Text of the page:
ways: in helping feed our country (agricultural aerial
applications), by assisting in our country’s security
efforts (law enforcement and military use), through
emergency medical service (air ambulance and organ
and tissue transplant flights), by moving high-priority
cargo, and through a host of other special applications. They never discussed where our future pilots
For more information on this historical aircraft, go to:
Continued on pg 4 “President”
Winter Weather Flying
If you opted for renting a hangar for the winter operation, you are
to be commended because it alleviates a bevy of concerns as versus the aircraft sitting out on the cold ramp. A pilot of a 310 that
I know uses an electric blanket that he throws over the cowl and
tops it with an insulating blanket. Seems to work well for him.
Many years ago I visited with a Canadian pilot who lived on an
island and flew his J-3 all year round. When I asked him how
this was possible, he indicated that his sole source of preheating
was a 15-watt light bulb that he left on in the engine compartment, which emitted sufficient heat to keep the engine warm
enough to start. Remember, however, that whatever method you
use, keep in mind all the safety precautions recommended by the
So, you’re thinking of flying all year round instead of putting
the airplane in the hangar in November and resurrecting it in
April, as has been your habit for the past several years. You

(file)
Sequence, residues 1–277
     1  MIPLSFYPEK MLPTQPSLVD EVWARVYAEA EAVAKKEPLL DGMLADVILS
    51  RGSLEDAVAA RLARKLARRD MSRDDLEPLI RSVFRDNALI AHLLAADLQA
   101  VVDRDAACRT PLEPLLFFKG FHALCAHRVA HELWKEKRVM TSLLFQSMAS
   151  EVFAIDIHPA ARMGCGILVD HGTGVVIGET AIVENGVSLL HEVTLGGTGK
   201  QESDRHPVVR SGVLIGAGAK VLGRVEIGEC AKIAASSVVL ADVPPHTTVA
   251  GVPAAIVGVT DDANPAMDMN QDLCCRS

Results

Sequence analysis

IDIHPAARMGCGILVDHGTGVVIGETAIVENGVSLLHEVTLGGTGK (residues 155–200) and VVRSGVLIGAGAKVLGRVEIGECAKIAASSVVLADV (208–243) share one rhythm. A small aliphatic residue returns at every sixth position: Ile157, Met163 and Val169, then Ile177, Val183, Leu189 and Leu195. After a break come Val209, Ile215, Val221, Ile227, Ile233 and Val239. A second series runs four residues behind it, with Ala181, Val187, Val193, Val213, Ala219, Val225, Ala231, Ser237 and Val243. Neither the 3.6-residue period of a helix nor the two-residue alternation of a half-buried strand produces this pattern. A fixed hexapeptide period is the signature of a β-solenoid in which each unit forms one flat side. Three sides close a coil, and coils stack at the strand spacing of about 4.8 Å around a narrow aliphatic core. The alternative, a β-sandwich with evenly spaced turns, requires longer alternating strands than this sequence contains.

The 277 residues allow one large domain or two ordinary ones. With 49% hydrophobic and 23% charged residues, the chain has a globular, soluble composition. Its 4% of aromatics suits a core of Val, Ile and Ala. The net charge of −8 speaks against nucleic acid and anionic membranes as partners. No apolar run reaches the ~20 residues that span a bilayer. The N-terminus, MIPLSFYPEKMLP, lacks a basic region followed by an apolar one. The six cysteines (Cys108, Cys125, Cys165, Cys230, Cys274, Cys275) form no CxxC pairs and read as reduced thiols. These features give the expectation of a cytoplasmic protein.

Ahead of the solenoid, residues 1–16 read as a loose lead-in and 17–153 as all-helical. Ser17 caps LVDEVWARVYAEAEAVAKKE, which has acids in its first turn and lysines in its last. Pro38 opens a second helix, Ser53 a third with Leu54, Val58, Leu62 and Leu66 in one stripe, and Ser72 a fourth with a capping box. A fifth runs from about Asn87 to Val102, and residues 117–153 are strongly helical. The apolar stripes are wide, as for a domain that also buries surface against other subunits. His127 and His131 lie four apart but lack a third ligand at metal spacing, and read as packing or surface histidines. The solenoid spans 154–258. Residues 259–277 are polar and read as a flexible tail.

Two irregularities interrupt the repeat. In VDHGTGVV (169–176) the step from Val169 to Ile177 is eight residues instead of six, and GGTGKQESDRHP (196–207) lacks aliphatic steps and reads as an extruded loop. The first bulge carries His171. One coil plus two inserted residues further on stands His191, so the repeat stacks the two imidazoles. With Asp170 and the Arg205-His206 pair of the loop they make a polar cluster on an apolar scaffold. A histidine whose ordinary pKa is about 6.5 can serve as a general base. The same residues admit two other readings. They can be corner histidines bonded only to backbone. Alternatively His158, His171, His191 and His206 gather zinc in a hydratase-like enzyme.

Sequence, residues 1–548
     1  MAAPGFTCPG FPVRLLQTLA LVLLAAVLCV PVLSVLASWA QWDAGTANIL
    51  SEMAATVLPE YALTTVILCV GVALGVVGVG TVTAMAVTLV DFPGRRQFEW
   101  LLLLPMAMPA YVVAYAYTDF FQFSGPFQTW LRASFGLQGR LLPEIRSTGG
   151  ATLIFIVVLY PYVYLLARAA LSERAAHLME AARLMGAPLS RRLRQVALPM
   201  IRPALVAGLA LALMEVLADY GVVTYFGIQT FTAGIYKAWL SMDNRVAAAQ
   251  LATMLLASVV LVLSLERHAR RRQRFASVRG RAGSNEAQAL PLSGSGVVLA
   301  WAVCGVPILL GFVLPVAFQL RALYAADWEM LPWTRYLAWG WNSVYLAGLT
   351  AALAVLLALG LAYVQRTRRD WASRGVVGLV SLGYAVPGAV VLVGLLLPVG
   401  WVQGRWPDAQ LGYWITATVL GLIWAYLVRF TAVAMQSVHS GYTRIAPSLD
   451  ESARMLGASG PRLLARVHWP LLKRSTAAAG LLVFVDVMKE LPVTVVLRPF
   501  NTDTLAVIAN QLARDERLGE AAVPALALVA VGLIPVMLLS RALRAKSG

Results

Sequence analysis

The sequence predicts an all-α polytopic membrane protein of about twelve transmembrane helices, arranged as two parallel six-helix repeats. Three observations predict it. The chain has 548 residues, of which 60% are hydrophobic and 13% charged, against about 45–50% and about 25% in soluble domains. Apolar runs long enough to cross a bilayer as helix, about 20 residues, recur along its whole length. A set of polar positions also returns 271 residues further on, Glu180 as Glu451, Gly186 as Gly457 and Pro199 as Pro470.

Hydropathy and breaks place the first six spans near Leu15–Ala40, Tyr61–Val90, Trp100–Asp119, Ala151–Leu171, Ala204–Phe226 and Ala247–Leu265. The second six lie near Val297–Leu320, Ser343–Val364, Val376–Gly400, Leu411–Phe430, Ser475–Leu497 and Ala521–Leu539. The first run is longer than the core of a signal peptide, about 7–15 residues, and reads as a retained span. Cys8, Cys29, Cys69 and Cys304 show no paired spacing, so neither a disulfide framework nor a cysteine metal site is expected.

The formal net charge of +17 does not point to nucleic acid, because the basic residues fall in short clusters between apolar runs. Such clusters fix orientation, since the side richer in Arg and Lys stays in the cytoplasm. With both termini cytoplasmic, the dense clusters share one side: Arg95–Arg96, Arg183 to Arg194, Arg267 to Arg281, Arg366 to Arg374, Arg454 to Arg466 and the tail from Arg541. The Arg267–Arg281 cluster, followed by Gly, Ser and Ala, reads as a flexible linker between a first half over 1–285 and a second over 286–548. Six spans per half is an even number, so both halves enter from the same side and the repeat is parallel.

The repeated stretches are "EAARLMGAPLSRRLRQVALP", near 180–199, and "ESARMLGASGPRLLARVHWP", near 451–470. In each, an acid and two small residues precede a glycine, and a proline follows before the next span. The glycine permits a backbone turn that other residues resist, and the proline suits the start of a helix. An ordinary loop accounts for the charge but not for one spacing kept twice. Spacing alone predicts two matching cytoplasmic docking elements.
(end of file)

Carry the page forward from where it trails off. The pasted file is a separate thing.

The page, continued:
thought it would be better for your proficiency to keep at it
12 months out of the year versus 6-8 months out of the year.
Well, actually that’s probably not a bad idea as long as you
follow a few simple rules that may be different than the dogday summer rules. The plusses of winter flying are usually
very dense, cold, and smooth air. All of a sudden your rate of
climb is going to double—or maybe even triple—from what
you’re used to seeing. No more sweating in the cockpit while
waiting on the ground for a clearance. And those ceilings of
6-800 feet will normally have tops of only 3-4000 feet, making those IFR flights a delight, with some exceptions on the
take-off and landing.
The first question regarding winter flying: Is your airplane
ready for winter flying? In addition to all the usual mandatory inspections, has the oil been changed and a lighter grade
added for those cold winter starts and flying at those cold
rarified altitudes? Is the aircraft kept outside or in a hangar?
If recommended by the manufacturer, is the winter front
installed on the cowling? And if you have a light twin, has